With the addition of a new gym, this gym would become the designated Middle School gym. The bleachers could be replaced and the loss of seating would still accommodate everyone for events at that level. Quite possibly this gym would also become the gym that would be available for public use, replacing the 1952 gym that was removed from public use when the weight room had to be moved into this space several years ago. The old locker rooms that the Middle School students currently use are located under the old 1952 gym. These 62 year old locker rooms are old, dark, musty, and deteriorating.

  • Q and A Proposed architects selection, Local Projects?

    - Architects and Engineering firms have been involved in this project since 2009. In late 2009 the Ohio Schools Facilities Commission (OSFC) was brought to campus to do a detailed analysis of the districts buildings and facilities. Architects and Engineers from OSFC evaluated our facilities and presented a report to the Board of Education.

    Upon review of the OSFC report, the Board desired another building study for comparison purposes. Fourteen Architectural firms presented proposals. Six were selected for interview and the Board chose RCM Architects in Findlay for this purpose. RCM finished their study in late 2010.

    Last year, the Board made the decision to move forward with this project and a request for proposals was sent out to the school design community in Ohio. Twenty-six (26) firms responded to with Requests for Proposals (RFPs). The Board’s Facilities Committee and the Superintendent reviewed the RFPs and made reference calls which allowed us to recommend 6 firms for the Board to interview. These interviews took place in November of 2013. Following the interviews the list was narrowed to three (3). Site visits were made to projects that these firms had completed and second interviews were conducted. At the end of that process, Garmann-Miller Architects-Engineers out of Minster, Ohio was selected for this project.

    Garmann-Miller Architects-Engineers have been involved in several local projects. They were involved early in Carey’s recently approved building project. They completed projects in both the Kansas-Lakota School District and the Findlay City School District. They have also been selected by the Liberty Benton School District for early planning for their proposed new building project.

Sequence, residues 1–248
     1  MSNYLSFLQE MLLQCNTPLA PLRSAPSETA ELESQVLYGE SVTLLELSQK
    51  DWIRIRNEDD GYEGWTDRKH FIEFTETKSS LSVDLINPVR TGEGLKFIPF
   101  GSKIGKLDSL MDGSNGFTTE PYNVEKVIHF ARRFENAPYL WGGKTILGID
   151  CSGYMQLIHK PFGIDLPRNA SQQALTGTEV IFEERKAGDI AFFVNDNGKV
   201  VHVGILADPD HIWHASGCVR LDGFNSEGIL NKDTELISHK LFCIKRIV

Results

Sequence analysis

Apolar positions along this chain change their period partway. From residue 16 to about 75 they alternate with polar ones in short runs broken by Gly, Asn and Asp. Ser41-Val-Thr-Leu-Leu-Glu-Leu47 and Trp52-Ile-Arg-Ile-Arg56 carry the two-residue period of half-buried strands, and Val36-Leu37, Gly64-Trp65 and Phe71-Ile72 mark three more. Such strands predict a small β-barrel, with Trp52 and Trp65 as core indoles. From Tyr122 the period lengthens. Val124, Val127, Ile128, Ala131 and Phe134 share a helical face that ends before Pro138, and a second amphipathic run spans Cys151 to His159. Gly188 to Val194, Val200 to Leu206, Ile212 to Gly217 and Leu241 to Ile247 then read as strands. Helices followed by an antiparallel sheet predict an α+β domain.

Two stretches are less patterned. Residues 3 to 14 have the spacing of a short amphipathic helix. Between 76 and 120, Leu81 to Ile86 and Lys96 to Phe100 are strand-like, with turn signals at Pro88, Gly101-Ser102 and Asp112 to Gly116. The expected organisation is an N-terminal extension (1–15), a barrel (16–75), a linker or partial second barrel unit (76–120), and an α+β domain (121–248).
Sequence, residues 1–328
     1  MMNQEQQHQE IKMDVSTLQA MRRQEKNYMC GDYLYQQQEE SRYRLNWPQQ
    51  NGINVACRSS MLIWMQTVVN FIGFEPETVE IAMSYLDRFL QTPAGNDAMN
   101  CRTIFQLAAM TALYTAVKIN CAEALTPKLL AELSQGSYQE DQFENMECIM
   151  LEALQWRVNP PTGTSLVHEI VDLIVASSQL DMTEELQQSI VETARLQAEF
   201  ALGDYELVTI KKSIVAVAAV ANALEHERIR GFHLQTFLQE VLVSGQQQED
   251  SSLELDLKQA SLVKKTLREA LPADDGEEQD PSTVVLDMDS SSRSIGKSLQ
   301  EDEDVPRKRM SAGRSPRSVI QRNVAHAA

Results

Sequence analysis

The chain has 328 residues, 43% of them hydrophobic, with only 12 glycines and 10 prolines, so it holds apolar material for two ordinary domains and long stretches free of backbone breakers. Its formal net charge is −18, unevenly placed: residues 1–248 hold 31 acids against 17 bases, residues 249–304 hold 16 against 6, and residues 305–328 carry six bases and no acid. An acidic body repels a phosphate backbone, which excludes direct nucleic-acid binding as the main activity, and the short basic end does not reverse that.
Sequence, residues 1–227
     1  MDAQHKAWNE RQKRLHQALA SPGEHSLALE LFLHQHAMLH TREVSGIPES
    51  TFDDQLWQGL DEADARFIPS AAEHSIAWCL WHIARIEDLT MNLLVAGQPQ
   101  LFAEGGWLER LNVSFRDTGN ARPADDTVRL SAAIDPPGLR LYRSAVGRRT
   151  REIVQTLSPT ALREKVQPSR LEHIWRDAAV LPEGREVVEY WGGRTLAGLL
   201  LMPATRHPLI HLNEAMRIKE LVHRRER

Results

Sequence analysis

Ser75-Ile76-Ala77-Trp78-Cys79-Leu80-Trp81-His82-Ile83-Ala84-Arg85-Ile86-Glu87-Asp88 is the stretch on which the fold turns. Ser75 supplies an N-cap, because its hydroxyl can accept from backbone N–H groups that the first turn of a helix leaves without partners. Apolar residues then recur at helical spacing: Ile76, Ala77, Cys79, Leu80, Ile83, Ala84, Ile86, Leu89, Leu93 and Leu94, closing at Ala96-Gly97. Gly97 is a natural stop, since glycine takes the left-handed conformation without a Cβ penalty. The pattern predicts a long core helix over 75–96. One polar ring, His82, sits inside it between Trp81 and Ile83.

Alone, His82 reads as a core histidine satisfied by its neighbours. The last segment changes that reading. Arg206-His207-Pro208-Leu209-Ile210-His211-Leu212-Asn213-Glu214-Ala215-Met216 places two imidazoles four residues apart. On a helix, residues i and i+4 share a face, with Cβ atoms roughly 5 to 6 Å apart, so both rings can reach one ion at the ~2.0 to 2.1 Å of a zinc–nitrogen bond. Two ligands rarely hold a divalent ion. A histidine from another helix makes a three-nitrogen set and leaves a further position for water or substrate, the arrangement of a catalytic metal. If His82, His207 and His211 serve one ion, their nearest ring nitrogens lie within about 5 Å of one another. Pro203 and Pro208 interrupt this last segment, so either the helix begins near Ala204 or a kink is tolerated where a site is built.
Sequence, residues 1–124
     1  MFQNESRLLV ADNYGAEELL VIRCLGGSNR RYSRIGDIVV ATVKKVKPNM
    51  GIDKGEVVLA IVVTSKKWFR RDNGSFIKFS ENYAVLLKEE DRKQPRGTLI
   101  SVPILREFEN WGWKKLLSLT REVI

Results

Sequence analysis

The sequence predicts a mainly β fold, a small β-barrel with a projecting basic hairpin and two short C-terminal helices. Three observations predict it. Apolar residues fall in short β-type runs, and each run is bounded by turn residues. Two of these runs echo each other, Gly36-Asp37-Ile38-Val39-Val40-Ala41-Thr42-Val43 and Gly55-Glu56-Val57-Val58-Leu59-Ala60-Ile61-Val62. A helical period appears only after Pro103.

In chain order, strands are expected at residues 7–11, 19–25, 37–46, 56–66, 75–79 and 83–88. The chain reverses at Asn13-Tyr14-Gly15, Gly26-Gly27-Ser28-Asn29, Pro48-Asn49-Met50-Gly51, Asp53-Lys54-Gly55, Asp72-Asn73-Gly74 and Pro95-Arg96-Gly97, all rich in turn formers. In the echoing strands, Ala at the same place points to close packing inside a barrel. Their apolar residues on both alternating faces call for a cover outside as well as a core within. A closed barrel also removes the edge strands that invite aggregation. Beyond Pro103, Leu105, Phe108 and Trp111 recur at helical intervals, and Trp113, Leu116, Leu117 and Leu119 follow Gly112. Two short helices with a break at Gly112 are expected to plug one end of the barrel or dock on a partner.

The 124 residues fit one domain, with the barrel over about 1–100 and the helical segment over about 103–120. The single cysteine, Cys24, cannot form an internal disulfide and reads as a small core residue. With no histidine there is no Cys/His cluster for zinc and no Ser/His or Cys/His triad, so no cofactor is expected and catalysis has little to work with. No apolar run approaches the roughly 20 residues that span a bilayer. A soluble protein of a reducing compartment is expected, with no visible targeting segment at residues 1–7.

• Q and A What will the 29 million create?

    Classroom Addition - Phase One

    Approximately 37 various sized educational spaces (classrooms): Each to have natural day-lighting, latest technology, voice enhancement system, cabinetry, smart boards or touch screen monitors, marker boards, bulletin boards, flexible seating, air conditioning, etc.

    Central Atrium: Multi use space, expand cafeteria seating, flexible educational areas, access to educational spaces, community uses, student gathering spaces, natural light.

    High School & Middle School Offices: Secured entry from visitor parking, waiting area, workspaces, conference spaces, adjacent to cafeteria & atrium.

    Gymnasium, Locker Rooms, Weight Room - Phase Two

    New Varsity Gym: 14,000 sq. ft. allows for main basketball court and two full sized basketball practice courts, divider curtain to allow two physical education classes or practices simultaneously, additional practice baskets, two or more volleyball courts, seating for approximately 1,400 – 1,500.

    Locker Rooms: Three or four locker rooms, handicapped accessible, coach’s offices, training room, dual use for physical education and sports teams, game clock display

    Weight Room: Accommodate all existing equipment

    Additional Project Features

    New public restrooms, concessions, convert existing varsity gym to junior high gym (seating on one side), corridor connectors at music wing and kitchen (better circulation), kitchen improvements and small addition, air conditioning throughout, replace plumbing and electrical systems, new bus garage (off site), HVAC and roof repairs at elementary building, increased parking, wireless throughout, storage, maintenance area(s)